Amethyst was one of the oldest gemstones know to man. Derived from the Greek term “amethustos”, meaning not drunk, amethysts arrived in Greece via Egypt following the death of Alexander the Great. The ancient cultures of the Mediterranean thought that amethyst gave protection against drunkenness, and would guard warriors against harm in battle. For the Greeks, it had a close mythological association with the god Bacchus, the god of wine and liberality.
From at least the time of the Phoenicians, the color purple has been the color of royalty, and amethyst has been use since then as adornment of people of the highest rank. It’s even mentioned in the Bible as being one of the twelve gemstones found on the breastplates of the high priest of the Hebrew temple (Exodus 28:19; 39:12)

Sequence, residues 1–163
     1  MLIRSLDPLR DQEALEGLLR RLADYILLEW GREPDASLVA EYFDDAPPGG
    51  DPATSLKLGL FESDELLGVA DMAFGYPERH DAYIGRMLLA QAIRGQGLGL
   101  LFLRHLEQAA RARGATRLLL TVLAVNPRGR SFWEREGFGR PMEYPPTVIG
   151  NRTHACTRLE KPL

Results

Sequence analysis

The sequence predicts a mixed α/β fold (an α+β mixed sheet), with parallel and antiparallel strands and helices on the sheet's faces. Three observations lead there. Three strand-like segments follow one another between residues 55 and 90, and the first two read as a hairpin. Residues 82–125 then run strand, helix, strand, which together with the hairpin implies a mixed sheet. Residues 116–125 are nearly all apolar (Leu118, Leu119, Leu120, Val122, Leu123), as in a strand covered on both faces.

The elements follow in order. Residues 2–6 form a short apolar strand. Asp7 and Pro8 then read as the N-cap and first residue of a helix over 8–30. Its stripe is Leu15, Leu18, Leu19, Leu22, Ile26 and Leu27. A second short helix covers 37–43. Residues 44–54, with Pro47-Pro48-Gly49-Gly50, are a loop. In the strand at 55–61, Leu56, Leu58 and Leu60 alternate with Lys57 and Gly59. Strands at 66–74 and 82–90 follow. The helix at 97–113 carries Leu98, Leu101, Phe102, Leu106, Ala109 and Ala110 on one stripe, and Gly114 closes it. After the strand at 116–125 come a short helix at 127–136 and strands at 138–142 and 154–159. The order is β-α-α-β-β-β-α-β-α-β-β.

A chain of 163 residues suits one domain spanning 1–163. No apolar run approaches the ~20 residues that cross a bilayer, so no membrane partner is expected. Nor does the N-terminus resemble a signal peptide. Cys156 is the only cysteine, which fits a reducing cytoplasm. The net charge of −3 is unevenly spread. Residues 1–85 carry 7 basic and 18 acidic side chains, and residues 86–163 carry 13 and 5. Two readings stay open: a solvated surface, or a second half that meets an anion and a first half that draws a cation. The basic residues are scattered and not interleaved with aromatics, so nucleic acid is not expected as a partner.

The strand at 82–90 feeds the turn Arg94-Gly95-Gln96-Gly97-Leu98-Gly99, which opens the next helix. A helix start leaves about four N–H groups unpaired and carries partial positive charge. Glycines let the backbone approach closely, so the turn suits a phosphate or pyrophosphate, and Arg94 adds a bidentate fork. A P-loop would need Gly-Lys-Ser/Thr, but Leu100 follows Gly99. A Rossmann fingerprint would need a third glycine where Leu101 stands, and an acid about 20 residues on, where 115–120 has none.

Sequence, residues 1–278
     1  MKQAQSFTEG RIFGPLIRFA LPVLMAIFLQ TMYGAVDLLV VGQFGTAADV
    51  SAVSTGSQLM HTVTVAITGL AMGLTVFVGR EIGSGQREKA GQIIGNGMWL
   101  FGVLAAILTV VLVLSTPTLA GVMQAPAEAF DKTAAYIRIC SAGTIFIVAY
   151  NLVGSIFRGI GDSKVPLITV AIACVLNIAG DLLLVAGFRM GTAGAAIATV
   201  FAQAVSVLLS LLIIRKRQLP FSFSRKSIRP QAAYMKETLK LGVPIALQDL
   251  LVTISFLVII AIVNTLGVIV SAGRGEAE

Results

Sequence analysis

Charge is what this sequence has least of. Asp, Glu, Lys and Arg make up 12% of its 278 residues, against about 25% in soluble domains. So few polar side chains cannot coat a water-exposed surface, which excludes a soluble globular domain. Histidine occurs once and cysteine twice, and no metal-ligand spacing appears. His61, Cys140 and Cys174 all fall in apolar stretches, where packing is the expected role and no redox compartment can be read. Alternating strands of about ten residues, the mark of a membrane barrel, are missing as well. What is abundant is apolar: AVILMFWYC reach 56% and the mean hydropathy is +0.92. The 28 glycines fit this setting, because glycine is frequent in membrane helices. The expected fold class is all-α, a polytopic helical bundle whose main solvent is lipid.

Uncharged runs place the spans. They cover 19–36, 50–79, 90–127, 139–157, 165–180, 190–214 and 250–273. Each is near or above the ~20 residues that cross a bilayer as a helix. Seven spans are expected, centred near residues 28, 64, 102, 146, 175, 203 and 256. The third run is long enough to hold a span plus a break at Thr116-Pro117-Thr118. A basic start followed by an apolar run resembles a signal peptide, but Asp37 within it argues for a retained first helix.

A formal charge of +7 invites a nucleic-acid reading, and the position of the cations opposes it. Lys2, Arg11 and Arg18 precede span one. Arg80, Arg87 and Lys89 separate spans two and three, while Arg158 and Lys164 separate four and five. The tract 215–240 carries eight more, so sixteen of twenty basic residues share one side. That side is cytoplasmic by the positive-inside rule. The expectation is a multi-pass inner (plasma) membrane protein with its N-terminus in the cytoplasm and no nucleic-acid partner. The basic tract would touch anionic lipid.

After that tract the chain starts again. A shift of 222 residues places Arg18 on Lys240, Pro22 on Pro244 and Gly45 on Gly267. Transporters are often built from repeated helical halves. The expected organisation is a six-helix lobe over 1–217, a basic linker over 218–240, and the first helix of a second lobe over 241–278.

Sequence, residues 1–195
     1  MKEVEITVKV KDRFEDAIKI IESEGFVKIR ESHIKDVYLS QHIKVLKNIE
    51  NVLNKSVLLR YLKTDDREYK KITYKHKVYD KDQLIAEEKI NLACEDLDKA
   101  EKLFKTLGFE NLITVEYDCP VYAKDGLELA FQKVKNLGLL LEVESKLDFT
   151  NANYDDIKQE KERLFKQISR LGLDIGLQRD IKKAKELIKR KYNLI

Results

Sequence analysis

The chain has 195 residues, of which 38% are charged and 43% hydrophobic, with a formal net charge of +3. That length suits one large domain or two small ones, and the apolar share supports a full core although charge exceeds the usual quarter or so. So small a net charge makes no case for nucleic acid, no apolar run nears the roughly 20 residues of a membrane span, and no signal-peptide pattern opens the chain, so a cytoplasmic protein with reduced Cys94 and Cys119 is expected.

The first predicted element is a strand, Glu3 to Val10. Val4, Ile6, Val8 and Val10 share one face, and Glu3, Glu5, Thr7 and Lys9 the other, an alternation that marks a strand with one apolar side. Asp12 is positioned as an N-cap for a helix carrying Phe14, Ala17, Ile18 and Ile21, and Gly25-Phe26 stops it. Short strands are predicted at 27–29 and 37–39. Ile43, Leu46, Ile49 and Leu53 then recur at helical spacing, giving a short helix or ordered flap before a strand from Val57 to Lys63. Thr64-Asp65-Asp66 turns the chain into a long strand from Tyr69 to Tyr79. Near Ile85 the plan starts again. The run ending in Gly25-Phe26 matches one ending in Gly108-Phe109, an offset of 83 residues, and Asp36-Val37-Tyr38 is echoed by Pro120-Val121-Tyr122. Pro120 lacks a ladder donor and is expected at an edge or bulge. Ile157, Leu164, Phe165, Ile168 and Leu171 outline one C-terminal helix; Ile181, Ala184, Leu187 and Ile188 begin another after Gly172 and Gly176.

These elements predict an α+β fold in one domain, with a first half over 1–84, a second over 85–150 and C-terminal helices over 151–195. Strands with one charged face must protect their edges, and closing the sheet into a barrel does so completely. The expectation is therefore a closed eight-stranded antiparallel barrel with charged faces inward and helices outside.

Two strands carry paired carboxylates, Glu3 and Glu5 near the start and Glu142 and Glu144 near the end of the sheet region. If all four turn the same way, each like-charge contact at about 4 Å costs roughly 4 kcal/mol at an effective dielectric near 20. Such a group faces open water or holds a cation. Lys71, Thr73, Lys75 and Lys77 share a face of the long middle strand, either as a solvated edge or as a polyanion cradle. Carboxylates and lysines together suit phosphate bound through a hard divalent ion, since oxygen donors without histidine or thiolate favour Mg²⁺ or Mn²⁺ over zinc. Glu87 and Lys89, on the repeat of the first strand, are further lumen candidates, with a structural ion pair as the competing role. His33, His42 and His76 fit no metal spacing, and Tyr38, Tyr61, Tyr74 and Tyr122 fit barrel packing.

The most highly prized and valuable variety of quartz, amethyst is a hard, durable stone especially popular in the present day for bracelets, birthstone rings (it’s the stone of February), and pendants. And even without it’s lengthy history, it would still be loved for its beauty alone.